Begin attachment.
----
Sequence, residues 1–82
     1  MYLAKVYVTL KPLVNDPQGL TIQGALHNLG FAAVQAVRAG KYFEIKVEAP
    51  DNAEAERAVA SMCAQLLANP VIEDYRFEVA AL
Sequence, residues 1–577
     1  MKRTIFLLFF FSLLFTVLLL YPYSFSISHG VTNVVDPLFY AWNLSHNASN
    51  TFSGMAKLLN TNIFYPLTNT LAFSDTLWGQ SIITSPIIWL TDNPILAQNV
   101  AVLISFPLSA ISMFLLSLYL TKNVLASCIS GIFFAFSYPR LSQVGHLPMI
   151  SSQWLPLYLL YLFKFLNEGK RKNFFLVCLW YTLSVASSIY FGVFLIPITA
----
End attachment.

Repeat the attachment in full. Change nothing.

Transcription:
Sequence, residues 1–82
     1  MYLAKVYVTL KPLVNDPQGL TIQGALHNLG FAAVQAVRAG KYFEIKVEAP
    51  DNAEAERAVA SMCAQLLANP VIEDYRFEVA AL
Sequence, residues 1–577
     1  MKRTIFLLFF FSLLFTVLLL YPYSFSISHG VTNVVDPLFY AWNLSHNASN
    51  TFSGMAKLLN TNIFYPLTNT LAFSDTLWGQ SIITSPIIWL TDNPILAQNV
   101  AVLISFPLSA ISMFLLSLYL TKNVLASCIS GIFFAFSYPR LSQVGHLPMI
   151  SSQWLPLYLL YLFKFLNEGK RKNFFLVCLW YTLSVASSIY FGVFLIPITA